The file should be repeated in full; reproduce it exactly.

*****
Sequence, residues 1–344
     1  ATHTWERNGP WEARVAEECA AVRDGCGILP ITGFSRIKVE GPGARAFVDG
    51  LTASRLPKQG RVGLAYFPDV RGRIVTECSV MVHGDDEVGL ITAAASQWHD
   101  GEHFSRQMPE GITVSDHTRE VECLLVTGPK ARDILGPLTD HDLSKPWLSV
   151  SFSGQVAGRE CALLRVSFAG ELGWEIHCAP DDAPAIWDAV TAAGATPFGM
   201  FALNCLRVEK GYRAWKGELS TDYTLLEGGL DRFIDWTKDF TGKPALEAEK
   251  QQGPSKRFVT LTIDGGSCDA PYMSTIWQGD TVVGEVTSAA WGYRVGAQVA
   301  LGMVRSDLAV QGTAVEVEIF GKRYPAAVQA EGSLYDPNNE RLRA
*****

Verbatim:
Sequence, residues 1–344
     1  ATHTWERNGP WEARVAEECA AVRDGCGILP ITGFSRIKVE GPGARAFVDG
    51  LTASRLPKQG RVGLAYFPDV RGRIVTECSV MVHGDDEVGL ITAAASQWHD
   101  GEHFSRQMPE GITVSDHTRE VECLLVTGPK ARDILGPLTD HDLSKPWLSV
   151  SFSGQVAGRE CALLRVSFAG ELGWEIHCAP DDAPAIWDAV TAAGATPFGM
   201  FALNCLRVEK GYRAWKGELS TDYTLLEGGL DRFIDWTKDF TGKPALEAEK
   251  QQGPSKRFVT LTIDGGSCDA PYMSTIWQGD TVVGEVTSAA WGYRVGAQVA
   301  LGMVRSDLAV QGTAVEVEIF GKRYPAAVQA EGSLYDPNNE RLRA